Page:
By: Marcus Gamo
The COVID-19 pandemic has challenged the automotive industry in a profound way, forcing the closure of global manufacturing centers, the cancelation of auto shows set to attract millions of visitors and drive sales leads, and the temporary shuttering of dealerships.
These challenges certainly have a direct impact on short-term demand, with analysts predicting a 60% decline in U.S. sales for April and even more aggressive declines across Europe for the month. This challenges automakers and mobility technology companies to revisit priorities and resources with the hope of a V-shaped economic rebound during the second half of 2020.
What we see across a number of industries - including automotive - are innovative ideas and creative solutions to help drive new revenue streams. And, the same will be no different for carmakers, dealerships and brands that champion a direct-to-consumer model made popular by distribution EV makers Tesla and Rivian.
- Several carmakers, including Ford, Tesla and Toyota, quickly pivoted resources to address the immediate needs of the healthcare industry, from using resources to manufacture ventilators to large-scale 3D printers to deliver face shields. While these automakers embraced leadership responsibilities at a time of need, this quick pivot demonstrates the ability to reimagine how best to leverage engineering ingenuity to create new revenue.
- With auto shows postponed or canceled outright, carmakers must revisit plans to develop a wave of buzz for new vehicle launches. To challenge this, VW built a virtual version of its Geneva Auto Show booth (planned for early to mid-March 2020) to help spotlight its priority vehicles for the year. Look for a growing number of automakers to take a similar approach, with top-tier shows in the U.S. greatly impacted this year.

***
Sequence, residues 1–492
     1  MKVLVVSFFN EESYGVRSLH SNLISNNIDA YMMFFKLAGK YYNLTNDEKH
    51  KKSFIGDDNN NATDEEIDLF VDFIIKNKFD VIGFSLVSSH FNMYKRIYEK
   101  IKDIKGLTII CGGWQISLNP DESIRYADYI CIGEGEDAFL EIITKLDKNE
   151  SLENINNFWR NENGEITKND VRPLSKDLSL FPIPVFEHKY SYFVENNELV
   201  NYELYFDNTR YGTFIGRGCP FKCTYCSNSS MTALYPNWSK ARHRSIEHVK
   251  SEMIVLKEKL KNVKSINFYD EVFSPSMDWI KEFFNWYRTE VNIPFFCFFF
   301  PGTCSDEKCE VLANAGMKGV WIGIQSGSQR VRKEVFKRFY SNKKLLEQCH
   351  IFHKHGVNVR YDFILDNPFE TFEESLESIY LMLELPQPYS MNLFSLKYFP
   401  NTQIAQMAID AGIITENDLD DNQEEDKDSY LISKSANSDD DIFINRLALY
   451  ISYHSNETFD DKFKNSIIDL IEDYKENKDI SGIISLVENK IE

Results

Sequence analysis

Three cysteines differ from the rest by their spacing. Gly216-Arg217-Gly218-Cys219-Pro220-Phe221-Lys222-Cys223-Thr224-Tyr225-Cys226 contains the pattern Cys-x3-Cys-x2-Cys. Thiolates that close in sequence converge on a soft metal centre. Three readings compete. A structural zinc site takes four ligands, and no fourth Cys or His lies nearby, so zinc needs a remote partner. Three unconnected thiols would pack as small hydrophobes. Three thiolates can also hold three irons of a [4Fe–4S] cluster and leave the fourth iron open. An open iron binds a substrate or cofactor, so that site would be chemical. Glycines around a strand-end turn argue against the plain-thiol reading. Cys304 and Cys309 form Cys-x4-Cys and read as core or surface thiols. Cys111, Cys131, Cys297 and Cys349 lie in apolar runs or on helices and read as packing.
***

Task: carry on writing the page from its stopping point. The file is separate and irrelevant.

- With so many already impacted financially by this crisis, consumers will look for new vehicles that offer the most value. For automakers, it’s an opportunity to spotlight sedans (including hybrid sedans), largely overlooked, given the explosive growth of SUVs and light trucks over the past decade.
With so many dealerships only keeping service departments open and available at a time when showrooms have been closed, opportunities have opened for each to look at fresh thinking to deliver solutions for their customers’ mobility needs.
- Several dealerships have created mobile service offerings with basic services, such as oil changes and planned maintenance, conducted at a vehicle owner’s home rather than the Not only does this create revenue opportunities at a time when many consumers are unable (or simply cannot) leave their homes, it allows for a greater number of customers to get service at any given time.
- Dealerships, which often leverage a fleet of courtesy vehicles for consumers who tap their service departments, have the opportunity to reimagine how these vehicles are used. For instance, it’s likely dealerships will step into the carsharing community - similar to approaches championed by Getaround, Zipcar and even traditional car rental brands - and allow access to these courtesy vehicles.
- And similar to VW creating a virtual auto show booth to help drive demand for new vehicles, dealerships will likely lean into digital content to create virtual vehicle walkarounds and test drives to help augment digital commerce.
One of the hallmarks of the automotive industry is continued innovation, such as technology leveraged to reduce crashes and save lives, advance zero-emission mobility and in-vehicle entertainment. Even in the face of an economic crisis, we should expect continued innovation to drive the auto industry forward.
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As the head of Allison+Partners’ automotive specialty group, Marcus Gamo helps a diversity of brands navigate a new mobility culture and communicate unique visions for mobility’s future and how transportation is consumed through smart communications programs. With more than a decade of automotive and mobility industry experience, he architects strategic campaigns that deliver impactful communication for OEMs across the U.S., a leading technology and 5G chipmaker that powers connected transportation and autonomous cars, and global energy companies that introduce L2 and L3 EV chargers.
Category: Consumer Brands